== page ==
The last sentence of "The Manned Missiles" will mean nothing if you haven't read the story, but if you have . . . "I grasp your hand." Makes me tear uThe last sentence of "The Manned Missiles" will mean nothing if you haven't read the story, but if you have . . . "I grasp your hand." Makes me tear up just recalling it....more
This is the best book by one of my favorite authors. (And full disclosure, my mentor, while she was alive. I fell in love with her work first, then heThis is the best book by one of my favorite authors. (And full disclosure, my mentor, while she was alive. I fell in love with her work first, then her (not romantically). The two are almost indistinguishable. That's Lucia on the page.)
Lucia looked up to Chekhov more than any other writer, for the respect he showed all his characters: whether it was a barmaid or a princess, Chekhov granted them the same dignity, treated them as equals as human being. Lucia took that one step further. She showed tremendous respenct and also affection for all her characters. They were richer for it, and so are we....more
A marvelous story. This was assigned reading in a master's Cultural Anthropology class, and I opened it with disgust, thinking I'd be bored silly withA marvelous story. This was assigned reading in a master's Cultural Anthropology class, and I opened it with disgust, thinking I'd be bored silly with the topic.
She had me right away. She is a beautiful writer, and any group of people is interesting if you have the right instincts for seeing them, and conveying. ...more
I’m still making my way through Jeannette Walls’ "Half Broke Horses," loving every sentence of it. I felt Texas from page one, and Texans, who I couldn’t wait to know better. Her style recalls, lovingly, the late great working-class short-story teller Lucia Berlin. I’m taken, particularly, by Walls’ ability to write children: not book children, or film kids -- actual mini humans with the complexities of their parents, and even less predictable....more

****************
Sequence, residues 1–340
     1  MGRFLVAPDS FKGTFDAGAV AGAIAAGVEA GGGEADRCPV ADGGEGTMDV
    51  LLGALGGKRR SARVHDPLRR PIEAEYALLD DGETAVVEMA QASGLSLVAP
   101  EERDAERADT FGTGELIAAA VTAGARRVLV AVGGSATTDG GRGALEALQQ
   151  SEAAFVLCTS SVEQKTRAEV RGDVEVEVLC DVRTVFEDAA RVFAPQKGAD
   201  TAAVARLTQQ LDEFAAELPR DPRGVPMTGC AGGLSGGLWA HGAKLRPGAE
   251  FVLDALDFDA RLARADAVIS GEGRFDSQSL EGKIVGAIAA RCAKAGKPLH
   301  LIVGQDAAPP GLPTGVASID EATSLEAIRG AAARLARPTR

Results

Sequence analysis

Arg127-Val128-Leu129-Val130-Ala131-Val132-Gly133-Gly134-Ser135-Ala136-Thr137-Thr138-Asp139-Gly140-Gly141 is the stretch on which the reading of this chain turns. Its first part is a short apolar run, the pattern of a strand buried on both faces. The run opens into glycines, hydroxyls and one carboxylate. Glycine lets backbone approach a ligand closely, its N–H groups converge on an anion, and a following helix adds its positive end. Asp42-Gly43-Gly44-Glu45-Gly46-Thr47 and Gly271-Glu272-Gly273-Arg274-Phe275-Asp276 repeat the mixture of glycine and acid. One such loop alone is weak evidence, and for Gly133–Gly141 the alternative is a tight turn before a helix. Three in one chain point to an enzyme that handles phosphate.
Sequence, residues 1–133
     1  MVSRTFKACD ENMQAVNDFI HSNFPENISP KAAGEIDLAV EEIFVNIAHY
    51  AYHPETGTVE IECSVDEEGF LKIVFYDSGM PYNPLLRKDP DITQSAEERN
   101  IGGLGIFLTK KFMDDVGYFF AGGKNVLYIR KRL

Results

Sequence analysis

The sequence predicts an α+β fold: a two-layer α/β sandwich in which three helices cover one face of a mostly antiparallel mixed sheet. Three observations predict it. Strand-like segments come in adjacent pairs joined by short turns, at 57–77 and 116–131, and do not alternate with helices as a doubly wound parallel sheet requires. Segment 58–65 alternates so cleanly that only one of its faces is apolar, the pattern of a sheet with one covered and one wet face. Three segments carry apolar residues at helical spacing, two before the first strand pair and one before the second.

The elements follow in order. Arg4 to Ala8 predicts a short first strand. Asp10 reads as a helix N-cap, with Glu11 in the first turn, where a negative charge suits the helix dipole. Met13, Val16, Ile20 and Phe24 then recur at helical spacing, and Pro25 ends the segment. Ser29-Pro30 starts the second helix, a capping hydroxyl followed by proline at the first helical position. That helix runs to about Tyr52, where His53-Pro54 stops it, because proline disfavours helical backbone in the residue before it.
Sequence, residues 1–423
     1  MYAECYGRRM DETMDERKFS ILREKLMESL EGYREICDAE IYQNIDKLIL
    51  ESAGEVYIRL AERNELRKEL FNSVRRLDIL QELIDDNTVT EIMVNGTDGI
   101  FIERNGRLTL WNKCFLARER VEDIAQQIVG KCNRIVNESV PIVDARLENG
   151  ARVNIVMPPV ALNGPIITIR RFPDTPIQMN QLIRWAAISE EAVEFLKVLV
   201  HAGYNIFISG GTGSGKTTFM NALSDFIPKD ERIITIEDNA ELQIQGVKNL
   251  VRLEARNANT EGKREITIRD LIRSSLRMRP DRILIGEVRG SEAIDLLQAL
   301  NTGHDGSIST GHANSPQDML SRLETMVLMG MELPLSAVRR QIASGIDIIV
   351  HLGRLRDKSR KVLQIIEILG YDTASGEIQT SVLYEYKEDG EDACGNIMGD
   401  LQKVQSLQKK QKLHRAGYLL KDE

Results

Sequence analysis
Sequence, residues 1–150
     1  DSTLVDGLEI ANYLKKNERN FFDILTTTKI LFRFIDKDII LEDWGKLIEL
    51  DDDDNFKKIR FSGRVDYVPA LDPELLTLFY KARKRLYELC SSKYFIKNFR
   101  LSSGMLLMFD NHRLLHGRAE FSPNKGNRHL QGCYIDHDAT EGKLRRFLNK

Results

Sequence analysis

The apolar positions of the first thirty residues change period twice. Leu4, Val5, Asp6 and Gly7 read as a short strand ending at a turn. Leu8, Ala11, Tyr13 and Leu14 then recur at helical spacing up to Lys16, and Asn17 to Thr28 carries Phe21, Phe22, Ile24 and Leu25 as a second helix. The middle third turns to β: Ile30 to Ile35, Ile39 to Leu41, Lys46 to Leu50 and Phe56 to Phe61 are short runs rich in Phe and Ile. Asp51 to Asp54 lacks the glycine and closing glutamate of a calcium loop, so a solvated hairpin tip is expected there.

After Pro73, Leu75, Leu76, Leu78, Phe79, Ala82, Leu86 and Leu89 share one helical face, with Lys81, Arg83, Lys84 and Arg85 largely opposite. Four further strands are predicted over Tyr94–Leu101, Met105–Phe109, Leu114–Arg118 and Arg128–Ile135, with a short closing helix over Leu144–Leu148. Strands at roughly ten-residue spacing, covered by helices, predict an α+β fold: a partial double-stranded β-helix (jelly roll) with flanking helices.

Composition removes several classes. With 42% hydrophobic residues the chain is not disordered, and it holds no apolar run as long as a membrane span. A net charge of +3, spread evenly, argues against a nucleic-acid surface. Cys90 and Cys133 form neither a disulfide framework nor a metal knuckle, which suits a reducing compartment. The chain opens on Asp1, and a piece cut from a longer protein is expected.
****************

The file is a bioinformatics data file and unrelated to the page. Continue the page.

I loved the idea of "Sum: 40 Tales From the Afterlives," but did I actually want to slog through 40 of them? How many novel conceptions of the afterlife are there -- wouldn’t this be about 35 too many? No, actually. David Eagleman has got a million of them.
Eagleman did his undergrad in literature and his Ph.D. in neuroscience. He runs a brain lab by day and writes fiction at night. It shows. His provocative little vignettes play like brainstorms between alien hemispheres: playful, intriguing and full of emotional surprises as well as ideas. When his over-specific gods in charge of spoons, bacteria and chewing gum look down at our traffic jams and find comfort in our disarray but also our desire to reach out to find comfort through a cellphone ... there is tenderness here, and perception, too.
The conceit is different, but the effect kept summoning up the delightful "Wearing Dad's Head." No one has ever reminded me of Barry Yourgrau before. I never thought they would....more
I'm not far enough to review this book, but enjoying every sentence.
I'm reading very slowly, and occasionally, off and on between other books. There iI'm not far enough to review this book, but enjoying every sentence.
I'm reading very slowly, and occasionally, off and on between other books. There is no sign of a plot yet, which would ordinarily put me off, but from the opening sentences I was taken in. I did not expect to like this at all, but there you go.
I may spend the rest of my life reading this book, and I hope to enjoy the rest of my life....more
Brilliant. This is a new classic of the narrative nonfiction genre.